If spider mite populations are low, the release of other predatory mites, such as Neoseiulus californicus (also called Amblyseius californicus), can help with spider mite management. This predacious mite prefers to feed on spider mites; however, it will also feed on other types of mites, small insects, thrips, and pollen when necessary. They are slow feeders, effective against low mite populations. Neoseiulus californicus can tolerate a wide range of temperatures (50° to 105°F), so they remain active at higher temperatures when other predator mites are no longer effective.3,6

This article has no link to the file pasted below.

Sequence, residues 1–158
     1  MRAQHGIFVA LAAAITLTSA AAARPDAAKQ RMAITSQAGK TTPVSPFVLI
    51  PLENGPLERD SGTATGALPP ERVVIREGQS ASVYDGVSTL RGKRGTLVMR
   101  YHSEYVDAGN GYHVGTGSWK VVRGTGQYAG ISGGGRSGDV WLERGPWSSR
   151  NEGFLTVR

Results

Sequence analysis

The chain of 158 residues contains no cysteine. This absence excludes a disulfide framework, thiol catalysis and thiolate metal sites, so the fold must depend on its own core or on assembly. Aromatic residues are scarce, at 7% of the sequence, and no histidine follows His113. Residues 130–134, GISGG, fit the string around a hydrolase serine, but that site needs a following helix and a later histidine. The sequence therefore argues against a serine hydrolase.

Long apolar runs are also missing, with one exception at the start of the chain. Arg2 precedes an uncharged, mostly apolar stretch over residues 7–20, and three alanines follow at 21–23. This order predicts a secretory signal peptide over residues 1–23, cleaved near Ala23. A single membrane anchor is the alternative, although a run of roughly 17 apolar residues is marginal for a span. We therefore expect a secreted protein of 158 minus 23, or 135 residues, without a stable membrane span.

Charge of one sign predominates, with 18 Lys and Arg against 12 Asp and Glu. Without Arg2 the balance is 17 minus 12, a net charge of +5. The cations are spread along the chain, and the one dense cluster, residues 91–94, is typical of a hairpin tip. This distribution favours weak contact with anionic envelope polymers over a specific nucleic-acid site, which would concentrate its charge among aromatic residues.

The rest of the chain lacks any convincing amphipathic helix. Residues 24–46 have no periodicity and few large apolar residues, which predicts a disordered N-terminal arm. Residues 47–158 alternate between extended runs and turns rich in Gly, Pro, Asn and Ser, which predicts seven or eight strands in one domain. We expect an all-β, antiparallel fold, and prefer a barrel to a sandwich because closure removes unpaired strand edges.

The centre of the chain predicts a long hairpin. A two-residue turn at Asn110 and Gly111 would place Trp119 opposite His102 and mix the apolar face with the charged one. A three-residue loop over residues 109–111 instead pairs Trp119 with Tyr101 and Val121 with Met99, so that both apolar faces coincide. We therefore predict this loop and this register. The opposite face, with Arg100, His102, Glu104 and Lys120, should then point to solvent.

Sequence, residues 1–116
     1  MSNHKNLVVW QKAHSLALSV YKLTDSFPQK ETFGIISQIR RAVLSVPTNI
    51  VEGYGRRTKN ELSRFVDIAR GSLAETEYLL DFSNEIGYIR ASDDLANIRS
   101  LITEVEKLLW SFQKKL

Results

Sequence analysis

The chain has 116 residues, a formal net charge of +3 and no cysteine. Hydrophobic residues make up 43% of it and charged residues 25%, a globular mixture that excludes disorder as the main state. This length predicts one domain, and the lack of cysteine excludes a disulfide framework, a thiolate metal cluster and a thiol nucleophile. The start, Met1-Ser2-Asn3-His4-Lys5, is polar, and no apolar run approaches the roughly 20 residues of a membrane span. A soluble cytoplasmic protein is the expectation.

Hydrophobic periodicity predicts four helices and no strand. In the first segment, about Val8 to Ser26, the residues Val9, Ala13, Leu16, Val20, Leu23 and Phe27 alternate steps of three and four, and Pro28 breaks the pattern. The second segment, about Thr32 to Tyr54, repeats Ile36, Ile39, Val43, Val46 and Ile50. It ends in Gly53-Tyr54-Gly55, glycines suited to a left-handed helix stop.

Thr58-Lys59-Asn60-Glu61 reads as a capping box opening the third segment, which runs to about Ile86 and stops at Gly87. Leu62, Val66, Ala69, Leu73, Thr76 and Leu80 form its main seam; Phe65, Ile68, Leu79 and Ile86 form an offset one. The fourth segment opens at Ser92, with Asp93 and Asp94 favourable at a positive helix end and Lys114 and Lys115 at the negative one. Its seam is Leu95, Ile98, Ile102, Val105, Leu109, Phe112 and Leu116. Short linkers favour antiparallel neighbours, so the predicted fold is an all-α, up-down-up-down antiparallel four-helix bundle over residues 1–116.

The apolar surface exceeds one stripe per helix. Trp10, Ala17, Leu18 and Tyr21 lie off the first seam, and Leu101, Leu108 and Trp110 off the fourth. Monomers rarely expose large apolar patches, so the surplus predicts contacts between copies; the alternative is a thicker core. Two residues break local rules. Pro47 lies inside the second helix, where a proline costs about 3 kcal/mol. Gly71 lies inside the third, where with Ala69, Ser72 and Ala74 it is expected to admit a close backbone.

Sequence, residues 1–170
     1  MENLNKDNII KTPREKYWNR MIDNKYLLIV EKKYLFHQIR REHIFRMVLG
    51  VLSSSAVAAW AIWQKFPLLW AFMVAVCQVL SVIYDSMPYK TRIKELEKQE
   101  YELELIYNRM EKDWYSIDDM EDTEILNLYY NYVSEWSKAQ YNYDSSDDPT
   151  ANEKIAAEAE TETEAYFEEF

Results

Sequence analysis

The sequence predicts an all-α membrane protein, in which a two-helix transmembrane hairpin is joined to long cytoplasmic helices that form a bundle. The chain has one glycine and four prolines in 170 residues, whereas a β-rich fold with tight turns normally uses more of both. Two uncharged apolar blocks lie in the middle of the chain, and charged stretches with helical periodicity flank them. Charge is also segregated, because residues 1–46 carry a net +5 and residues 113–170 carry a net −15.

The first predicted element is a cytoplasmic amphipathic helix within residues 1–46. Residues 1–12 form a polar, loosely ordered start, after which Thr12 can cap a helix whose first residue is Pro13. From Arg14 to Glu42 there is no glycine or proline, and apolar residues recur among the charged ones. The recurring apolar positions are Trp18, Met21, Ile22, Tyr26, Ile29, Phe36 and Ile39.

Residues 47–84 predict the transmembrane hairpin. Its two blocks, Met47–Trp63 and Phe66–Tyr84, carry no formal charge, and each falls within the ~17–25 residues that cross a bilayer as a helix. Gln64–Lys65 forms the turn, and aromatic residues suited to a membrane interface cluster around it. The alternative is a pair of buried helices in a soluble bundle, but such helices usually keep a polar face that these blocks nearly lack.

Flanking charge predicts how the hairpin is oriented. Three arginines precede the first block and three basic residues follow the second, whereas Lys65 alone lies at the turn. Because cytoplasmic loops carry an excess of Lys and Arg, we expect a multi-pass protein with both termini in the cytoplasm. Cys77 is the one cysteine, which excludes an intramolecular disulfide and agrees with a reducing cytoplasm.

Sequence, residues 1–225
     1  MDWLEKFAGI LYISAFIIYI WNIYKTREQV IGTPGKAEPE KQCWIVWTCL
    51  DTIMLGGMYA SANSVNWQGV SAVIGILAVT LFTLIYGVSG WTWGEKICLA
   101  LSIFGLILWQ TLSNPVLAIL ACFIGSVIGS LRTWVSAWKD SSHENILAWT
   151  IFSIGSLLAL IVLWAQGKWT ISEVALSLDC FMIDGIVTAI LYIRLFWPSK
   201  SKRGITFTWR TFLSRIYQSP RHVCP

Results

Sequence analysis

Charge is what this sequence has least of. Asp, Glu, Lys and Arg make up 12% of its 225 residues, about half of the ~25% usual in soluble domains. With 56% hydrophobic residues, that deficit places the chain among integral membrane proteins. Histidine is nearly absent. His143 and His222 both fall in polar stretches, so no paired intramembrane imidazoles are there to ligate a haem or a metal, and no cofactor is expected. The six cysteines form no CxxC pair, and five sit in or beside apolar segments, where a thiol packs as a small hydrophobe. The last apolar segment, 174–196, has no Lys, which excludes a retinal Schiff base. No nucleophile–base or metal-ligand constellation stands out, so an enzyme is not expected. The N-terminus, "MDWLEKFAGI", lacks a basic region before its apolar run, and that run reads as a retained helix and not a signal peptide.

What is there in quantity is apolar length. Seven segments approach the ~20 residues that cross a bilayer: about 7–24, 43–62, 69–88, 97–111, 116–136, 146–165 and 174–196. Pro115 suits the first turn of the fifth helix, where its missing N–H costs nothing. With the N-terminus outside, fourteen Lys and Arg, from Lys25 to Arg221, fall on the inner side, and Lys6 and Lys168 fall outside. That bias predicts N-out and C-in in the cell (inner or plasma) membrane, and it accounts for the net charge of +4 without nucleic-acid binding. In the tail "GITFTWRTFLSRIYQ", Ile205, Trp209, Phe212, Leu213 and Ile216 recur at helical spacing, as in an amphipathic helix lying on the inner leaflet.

Western flower thrips (Fankliniella occidentalis) and onion thrips (Thrips tabaci) can infest greenhouse-grown peppers. These thrips feed on the pepper fruit, and the resulting damage can make the fruit unmarketable. In addition, these thrips are vectors of Tomato spotted wilt virus (TSWV), which can be devastating to pepper production. Swirski mites (Amblyseius swirskii) can be used to feed on the larval stages of thrips. They can also feed on pollen and plant nectar, which allows them to survive when pest populations are low. Swirski mites are adapted to warmer temperatures (64° to 96°F), and they do best in humid conditions.3,7 One strategy is to apply adult swirski mites repeatedly (weekly) from transplanting to bloom. Once the plants start to bloom, a final application of a formulation that includes both adults and eggs can be used as a slow release product. This application is intended to establish a population that will last for the rest of the season. Some growers may choose to only use a single application of the the slow release product (adults + eggs) to lower costs, but additional applications may be needed if populations do not become established.